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Death of a lifesaver

EMT Marcus Jerome and his wife Rachel at his Boston EMS graduation in 2012 in Faneuil Hall.Photo courtesy of Boston EMS

Marcus Jerome walked into his house in Dorchester after work a couple of weeks ago, his eyes wide open.

His wife, Rachel, always stayed up late, waiting for him to regale her with his latest exploits on the night shift as an EMT for Boston Emergency Medical Service. But this night was different. Marcus looked different. He was smiling, almost in wonder, shaking his head.

"I saved a baby tonight," he said.

The expectant mother was driving to the hospital, but pulled over in front of the District 13 police station in Jamaica Plain when she felt the baby coming out. The baby wasn't breathing and had no pulse.


When Marcus Jerome looked at the newborn girl with a blue face, all he could think of was his 3-month-old daughter Jordyn.

"I couldn't let that baby die," he told his wife.

Rachel Jerome then watched as her husband walked to the crib and stared lovingly at their sleeping daughter.

Last week, Marcus Jerome was on a day off and drove his wife home after she had a procedure at Brigham and Women's. She needed a prescription filled, so he hopped on his motorcycle, headed for a nearby Walgreens.

Len Shubitowski and Mike Sullivan, the crew on Paramedic 3, got a call for an accident at Washington and Dunbar in Dorchester. When they got there, they found a 31-year-old man on the street, his motorcycle crumpled.

"He was breathing a second ago," an off-duty cop told them.

But he wasn't breathing now, and they couldn't find a pulse. There was something more. Sullivan noticed first. "Jeez," he said, startled. "I think that's Marcus."

Shubitowski studied the face and for the first time ever wanted his old friend Sully to be wrong.

Just then, Roger Hamlet and Peter Dinis pulled up in Ambulance 19.


Shubitowski knew that Roger Hamlet and Marcus Jerome were not only EMS academy classmates but good friends. "Roger," Len Shubitowski said, "is this Marcus?"

Hamlet wanted more than anything to say no, but when he looked over at the crumpled Kawasaki, he knew.

There wasn't a scratch on Marcus Jerome's helmet, but his body was broken. Between them, Shubitowski and Sullivan have almost 60 years on the streets, and they know a fatal injury when they see one. But theirs is a profession in which you never give up. So they loaded their injured comrade into the back of P-3 and tried to resuscitate him, as he had resuscitated that baby in Jamaica Plain a week before. Frank Sheeran, the District 2 supervisor, jumped in with them. Hamlet leaped into the front seat of the rig to drive his friend to Boston Medical Center.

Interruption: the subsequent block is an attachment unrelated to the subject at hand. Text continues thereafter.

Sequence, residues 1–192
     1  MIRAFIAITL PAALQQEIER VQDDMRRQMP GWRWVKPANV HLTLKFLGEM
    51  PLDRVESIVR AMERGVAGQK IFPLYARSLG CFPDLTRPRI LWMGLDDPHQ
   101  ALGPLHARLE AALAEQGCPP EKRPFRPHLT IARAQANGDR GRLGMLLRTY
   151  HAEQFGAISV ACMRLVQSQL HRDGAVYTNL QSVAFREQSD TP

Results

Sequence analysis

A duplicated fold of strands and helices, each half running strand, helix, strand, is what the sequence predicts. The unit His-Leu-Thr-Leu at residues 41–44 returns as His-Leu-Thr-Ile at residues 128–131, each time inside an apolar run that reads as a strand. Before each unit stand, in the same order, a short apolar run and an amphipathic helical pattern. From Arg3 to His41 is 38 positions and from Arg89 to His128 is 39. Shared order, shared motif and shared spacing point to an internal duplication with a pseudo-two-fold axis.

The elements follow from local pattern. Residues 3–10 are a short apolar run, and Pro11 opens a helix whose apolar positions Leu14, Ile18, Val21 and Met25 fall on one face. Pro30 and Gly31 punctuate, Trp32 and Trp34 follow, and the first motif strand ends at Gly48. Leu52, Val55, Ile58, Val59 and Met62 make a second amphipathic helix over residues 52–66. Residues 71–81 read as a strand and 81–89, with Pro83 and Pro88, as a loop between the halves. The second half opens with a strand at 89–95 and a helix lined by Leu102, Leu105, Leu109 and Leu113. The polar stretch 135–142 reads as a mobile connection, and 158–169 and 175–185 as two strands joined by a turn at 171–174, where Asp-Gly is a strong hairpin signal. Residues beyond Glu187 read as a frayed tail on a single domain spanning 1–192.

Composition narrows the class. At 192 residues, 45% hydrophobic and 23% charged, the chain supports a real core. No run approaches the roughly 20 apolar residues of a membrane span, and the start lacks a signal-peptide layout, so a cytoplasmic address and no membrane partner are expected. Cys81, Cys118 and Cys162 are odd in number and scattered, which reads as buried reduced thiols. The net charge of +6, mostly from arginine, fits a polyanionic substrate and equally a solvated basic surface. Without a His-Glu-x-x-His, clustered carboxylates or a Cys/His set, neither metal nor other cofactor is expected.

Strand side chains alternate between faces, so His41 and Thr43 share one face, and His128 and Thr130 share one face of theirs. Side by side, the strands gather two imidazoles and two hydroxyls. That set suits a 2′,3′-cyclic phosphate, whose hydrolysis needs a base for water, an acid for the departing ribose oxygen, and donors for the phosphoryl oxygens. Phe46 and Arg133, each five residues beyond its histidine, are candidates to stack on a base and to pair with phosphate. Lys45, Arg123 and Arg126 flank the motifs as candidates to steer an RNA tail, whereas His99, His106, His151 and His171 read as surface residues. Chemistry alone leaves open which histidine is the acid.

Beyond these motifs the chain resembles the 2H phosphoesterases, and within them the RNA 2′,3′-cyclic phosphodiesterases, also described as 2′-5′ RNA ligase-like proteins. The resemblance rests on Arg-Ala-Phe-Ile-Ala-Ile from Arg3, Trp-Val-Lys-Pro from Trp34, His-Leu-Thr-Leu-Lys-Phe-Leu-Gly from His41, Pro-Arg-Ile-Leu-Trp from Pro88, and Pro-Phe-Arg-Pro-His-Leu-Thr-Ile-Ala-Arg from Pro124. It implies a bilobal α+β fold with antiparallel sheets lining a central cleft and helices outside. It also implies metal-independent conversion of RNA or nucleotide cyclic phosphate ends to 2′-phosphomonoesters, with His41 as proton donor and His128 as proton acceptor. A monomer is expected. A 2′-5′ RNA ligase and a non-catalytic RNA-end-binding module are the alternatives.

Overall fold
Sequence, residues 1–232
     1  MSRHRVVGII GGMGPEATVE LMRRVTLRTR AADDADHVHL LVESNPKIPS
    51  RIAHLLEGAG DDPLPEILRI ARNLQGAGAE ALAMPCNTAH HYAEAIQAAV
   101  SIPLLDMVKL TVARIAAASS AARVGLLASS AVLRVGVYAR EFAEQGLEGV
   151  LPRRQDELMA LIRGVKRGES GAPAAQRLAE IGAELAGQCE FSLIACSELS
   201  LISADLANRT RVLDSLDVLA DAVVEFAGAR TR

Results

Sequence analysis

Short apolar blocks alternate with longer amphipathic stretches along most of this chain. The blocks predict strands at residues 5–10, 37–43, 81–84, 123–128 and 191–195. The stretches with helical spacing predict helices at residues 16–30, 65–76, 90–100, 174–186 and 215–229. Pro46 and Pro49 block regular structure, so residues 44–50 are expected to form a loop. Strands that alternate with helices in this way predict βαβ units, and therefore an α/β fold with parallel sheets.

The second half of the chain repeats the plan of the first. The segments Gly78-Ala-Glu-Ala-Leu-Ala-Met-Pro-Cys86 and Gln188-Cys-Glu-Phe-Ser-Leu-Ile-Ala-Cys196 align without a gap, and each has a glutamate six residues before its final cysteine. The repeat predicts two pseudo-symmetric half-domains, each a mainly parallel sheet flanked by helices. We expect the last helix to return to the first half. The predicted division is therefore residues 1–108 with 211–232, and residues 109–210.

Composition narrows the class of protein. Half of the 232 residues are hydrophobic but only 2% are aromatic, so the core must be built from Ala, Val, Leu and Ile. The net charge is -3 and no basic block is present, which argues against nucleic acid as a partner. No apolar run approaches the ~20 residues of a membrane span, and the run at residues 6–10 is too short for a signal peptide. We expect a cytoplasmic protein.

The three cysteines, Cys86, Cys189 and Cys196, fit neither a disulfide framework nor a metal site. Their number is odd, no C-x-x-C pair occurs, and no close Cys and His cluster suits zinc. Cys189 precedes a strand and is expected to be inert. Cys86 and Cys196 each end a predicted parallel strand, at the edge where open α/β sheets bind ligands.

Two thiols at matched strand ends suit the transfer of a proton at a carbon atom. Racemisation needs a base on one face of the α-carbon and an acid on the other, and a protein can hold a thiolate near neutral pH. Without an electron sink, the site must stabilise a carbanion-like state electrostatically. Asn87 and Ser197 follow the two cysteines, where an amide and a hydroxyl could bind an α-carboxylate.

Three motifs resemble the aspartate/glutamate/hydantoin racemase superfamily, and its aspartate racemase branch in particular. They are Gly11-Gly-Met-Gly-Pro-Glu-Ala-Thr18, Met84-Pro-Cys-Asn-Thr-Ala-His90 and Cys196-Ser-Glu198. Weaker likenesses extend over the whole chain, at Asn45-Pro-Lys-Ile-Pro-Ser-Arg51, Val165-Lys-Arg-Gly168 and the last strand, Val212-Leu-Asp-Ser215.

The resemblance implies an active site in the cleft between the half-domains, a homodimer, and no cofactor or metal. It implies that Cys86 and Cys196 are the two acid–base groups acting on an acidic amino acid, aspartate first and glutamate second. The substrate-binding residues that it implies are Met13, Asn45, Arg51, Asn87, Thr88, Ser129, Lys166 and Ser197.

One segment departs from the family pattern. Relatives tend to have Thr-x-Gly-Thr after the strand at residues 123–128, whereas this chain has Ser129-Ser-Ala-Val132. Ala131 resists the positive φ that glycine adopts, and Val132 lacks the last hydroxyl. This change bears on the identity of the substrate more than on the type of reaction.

It was, Shubitowski recalled, the quietest ride to the hospital he ever made.

"We did our jobs professionally," he said. "We did what we could."

They work miracles every day, these EMTs and paramedics, but there was no miracle for Marcus Jerome. He was pronounced dead not long after the rig skidded to a halt outside BMC.

Marcus Jerome hit the streets as an EMT a year ago. He was born for the job and loved it. Because he was new, he did a lot of fill-ins and worked nights, all over the city. Everybody in EMS knew Marcus. His 5-year-old son Jaiden still thinks he's coming home one day.


"You know," Jim Hooley, the EMS chief, was saying, "Mike Bosse, the night shift commander, said something about Marcus I'll always remember. He said Marcus learned on every call. He got better every day."

As she held her daughter and prepared to bury her husband, Rachel Jerome stood in her house and nodded at those words.

"I'm really sad," she said. "But he wasn't just my husband; he was my best friend, so I have so many memories."

And so she holds those memories tight, as she does Jordyn, a girl born on Father's Day, who one day will learn that her dad spent his nights saving lives.

Kevin Cullen is a Globe columnist. He can be reached at cullen@globe.com. Follow him on Twitter @GlobeCullen.